If Thames Water has to be nationalised, so be it. Ofwat should not be bullied | Nils Pratley

For their next session with Thames Water, the MPs on the environment select committee should summon the people who really matter: the shareholders who must find £3bn-plus in coming years if they wish to keep their over-indebted, under-performing and waterlogged company afloat.

The committee might need a bigger room because the ownership collective is not small. It takes in two Canadian pension funds (with holdings of 32% and 9%), the pension fund for UK university academics (20%), the governments of Abu Dhabi (10%) and China (9%), the manager of BT’s pension fund (9%) and an Australian fund (5%). The first question to such a gathering would be simple. Are you trying to hold the regulator, Ofwat, to ransom before you commit more cash?

That is the way it looks from outside. The hired hands, the stand-in co-chief executives, Cathryn Ross and Alastair Cochran, and non-executive chairman Sir Adrian Montague repeatedly told the committee that the owners are waiting for “clarity” from the regulator over the price controls that will operate from 2025-30.

The desire to see the new financial framework covers even the £750m of equity earmarked for delivery before March 2025, not just the suggested £2.5bn for next regulatory period. The parent company, Kemble Water Holdings, will even try to extend a £190m loan due next April until the fabled “clarity” arrives. In that sense, the row over this year’s £500m injection – was it debt or equity? – is a sideshow. The next rounds of investments are the ones that matter.

“The shareholders have not had a dividend for six years. It has not been a great investment for them,” said Montague. “I think they are saying: ‘We want to know that this is an investable company. We want to know at least the general lines of the outcome of the determination that Ofwat is making. We need to understand whether sufficient cash is going to come into the company to support further investment by the shareholders.’”

Put like that, the stance can be presented as sweetly reasonable – the owners aren’t charities, after all. Yet the towering problem here is this: what Thames’ owners might regard as an “investable” proposition can equally be viewed as a naked plea for a bailout at the expense of the poor old customers.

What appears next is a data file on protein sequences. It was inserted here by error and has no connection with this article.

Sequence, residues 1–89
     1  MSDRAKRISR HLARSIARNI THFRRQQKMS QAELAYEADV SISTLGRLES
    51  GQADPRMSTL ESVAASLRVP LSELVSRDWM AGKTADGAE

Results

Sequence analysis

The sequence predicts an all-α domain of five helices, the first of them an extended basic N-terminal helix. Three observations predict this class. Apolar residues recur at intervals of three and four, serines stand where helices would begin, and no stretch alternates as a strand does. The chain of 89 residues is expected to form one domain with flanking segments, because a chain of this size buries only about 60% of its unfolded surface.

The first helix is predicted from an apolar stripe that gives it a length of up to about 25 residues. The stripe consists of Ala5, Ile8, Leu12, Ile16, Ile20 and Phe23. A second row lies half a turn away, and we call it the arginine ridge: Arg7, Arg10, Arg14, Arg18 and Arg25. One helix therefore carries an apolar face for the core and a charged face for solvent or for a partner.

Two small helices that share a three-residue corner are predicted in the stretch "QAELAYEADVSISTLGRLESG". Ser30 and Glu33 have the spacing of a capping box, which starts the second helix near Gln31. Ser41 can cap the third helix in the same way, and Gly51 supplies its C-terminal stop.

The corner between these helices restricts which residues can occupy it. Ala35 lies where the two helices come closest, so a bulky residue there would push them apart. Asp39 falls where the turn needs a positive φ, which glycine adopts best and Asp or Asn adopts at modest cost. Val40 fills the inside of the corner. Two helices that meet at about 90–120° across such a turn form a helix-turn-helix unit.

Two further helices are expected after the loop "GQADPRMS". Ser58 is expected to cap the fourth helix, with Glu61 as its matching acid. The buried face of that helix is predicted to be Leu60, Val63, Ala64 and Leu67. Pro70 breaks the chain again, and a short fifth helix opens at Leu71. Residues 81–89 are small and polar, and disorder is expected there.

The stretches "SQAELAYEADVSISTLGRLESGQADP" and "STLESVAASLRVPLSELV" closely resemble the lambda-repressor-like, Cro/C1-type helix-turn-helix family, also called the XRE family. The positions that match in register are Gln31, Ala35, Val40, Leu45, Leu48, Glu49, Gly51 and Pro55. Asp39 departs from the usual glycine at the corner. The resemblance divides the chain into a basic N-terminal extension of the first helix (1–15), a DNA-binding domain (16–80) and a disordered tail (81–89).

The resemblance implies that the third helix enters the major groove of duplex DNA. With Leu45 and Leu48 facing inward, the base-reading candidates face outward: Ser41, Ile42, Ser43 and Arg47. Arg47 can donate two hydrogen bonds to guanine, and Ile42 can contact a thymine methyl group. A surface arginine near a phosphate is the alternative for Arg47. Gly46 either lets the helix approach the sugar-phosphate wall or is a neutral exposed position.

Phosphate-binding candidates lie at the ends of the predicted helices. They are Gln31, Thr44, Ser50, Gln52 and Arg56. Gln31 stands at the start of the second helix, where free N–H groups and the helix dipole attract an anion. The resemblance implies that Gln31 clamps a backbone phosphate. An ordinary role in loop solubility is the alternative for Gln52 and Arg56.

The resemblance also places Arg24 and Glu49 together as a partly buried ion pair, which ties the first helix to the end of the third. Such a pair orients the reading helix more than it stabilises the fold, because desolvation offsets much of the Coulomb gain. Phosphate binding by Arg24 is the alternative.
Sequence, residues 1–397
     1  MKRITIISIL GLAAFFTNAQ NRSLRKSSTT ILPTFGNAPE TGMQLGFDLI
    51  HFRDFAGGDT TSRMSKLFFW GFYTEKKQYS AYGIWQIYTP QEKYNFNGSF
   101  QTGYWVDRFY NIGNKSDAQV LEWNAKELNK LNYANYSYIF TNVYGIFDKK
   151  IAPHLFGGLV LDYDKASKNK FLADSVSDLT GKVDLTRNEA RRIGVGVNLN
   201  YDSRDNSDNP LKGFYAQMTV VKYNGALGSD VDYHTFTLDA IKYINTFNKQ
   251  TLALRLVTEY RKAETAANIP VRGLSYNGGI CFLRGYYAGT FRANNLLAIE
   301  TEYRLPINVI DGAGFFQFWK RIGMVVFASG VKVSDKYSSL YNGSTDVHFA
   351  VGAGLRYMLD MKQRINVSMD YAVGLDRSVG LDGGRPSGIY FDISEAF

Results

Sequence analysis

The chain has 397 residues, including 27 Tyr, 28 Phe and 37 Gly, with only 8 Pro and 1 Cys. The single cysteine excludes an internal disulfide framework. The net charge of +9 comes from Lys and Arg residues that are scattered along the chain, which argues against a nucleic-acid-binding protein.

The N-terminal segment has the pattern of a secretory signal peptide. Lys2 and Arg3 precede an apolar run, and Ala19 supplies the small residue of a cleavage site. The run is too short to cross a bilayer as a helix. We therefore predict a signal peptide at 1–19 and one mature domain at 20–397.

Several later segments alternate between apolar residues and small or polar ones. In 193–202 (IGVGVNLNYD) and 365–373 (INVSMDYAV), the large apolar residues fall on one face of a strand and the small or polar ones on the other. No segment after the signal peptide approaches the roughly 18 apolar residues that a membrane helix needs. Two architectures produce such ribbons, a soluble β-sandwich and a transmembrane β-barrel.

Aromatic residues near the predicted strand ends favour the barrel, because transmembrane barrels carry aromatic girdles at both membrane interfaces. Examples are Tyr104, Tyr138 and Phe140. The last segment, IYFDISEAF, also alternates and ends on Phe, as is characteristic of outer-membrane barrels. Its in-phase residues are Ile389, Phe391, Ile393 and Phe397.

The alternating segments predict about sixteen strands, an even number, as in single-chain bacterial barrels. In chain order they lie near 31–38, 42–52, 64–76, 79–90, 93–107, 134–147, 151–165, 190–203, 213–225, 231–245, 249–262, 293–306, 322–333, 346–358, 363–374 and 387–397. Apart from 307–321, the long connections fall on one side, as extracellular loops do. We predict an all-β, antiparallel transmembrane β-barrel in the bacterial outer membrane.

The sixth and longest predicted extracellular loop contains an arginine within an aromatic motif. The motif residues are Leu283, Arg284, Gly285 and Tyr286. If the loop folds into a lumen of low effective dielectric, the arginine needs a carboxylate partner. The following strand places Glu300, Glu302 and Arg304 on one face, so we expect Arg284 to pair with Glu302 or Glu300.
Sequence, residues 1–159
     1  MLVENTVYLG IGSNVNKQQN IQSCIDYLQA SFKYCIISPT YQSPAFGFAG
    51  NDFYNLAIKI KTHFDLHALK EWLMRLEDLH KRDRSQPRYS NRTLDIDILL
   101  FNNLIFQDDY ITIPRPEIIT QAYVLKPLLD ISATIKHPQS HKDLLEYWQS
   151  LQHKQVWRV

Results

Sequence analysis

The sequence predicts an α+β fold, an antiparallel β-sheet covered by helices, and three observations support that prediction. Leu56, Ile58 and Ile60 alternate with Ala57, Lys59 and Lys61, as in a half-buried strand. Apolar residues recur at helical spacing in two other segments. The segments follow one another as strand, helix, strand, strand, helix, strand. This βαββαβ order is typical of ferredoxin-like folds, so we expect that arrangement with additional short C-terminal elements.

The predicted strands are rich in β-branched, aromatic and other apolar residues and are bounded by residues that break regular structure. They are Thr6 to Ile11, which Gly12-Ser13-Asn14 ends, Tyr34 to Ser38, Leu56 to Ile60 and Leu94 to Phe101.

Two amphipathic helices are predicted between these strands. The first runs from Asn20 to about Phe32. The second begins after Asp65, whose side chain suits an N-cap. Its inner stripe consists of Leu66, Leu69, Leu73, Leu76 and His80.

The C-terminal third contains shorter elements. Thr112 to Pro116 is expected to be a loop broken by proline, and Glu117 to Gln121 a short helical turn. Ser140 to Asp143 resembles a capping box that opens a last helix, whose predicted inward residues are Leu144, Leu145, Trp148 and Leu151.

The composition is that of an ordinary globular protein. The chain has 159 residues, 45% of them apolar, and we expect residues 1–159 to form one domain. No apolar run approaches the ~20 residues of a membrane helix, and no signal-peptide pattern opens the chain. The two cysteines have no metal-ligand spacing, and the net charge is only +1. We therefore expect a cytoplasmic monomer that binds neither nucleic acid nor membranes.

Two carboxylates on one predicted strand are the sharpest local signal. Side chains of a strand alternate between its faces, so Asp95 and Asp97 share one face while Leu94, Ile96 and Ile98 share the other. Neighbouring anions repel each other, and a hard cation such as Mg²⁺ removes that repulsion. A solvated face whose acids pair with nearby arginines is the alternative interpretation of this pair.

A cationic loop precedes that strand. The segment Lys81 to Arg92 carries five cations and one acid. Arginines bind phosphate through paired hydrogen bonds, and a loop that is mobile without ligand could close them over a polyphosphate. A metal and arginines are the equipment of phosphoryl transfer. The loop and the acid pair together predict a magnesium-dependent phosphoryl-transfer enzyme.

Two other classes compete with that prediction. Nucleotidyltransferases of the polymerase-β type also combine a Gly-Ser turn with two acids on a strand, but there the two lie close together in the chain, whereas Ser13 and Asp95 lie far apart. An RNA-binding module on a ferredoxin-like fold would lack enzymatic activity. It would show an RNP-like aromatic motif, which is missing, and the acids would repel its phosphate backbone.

Thames, in its business plan submission for 2025-30, wants to crank up bills by 40%, reset performance targets that it should have achieved already and wants potential penalties to be capped. As Investec analyst Martin Young summarised recently, Thames is seeking “higher returns, downside protection and scaling back ambition”.

Why on earth would Ofwat, now in supposedly tougher mode, agree to all that? Other water companies who have run their businesses better, and haven’t financed them with extreme financial leverage, aren’t in such a fix. Severn Trent raised £1bn for investment via a rights issue with no difficulty only last month. Why should the sector’s multi-year laggard be rewarded for failure, in effect?

Thames’ warning-cum-threat is that worse outcomes might follow if Ofwat doesn’t play ball. Cochran, who doubles up as chief financial officer, said the company’s first step if it doesn’t get a satisfactory settlement would be to revisit the business plan and shrink spending plans to fit. If the position sounds like a standoff until Ofwat delivers its preliminary verdict next June, that’s because it is.

It was therefore mildly encouraging to hear Ofwat chief executive, David Black, talk about special administration for Thames as a credible option in extremis. Quite right too: a position where Thames has seized the regulator by the “short and curlies”, as committee member Barry Gardiner put it, is unacceptable.

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The saga of Thames’s underperformance has now been running for so long that it can’t all be blamed on greedy dividend extraction under Macquarie’s ownership, which ended in 2017. The current main shareholders entered with their eyes open, or should have done, and have had a chance to reset standards. If ownership by a collective spread around the globe (which may be half the problem) hasn’t worked, that’s their problem.

Ofwat cannot be seen to be bullied into submission. If the shareholders have no appetite to invest on terms that are fair to customers, they should be wiped out. Let somebody else have a go. Special administration, AKA temporary nationalisation, would be a reasonable solution at this point.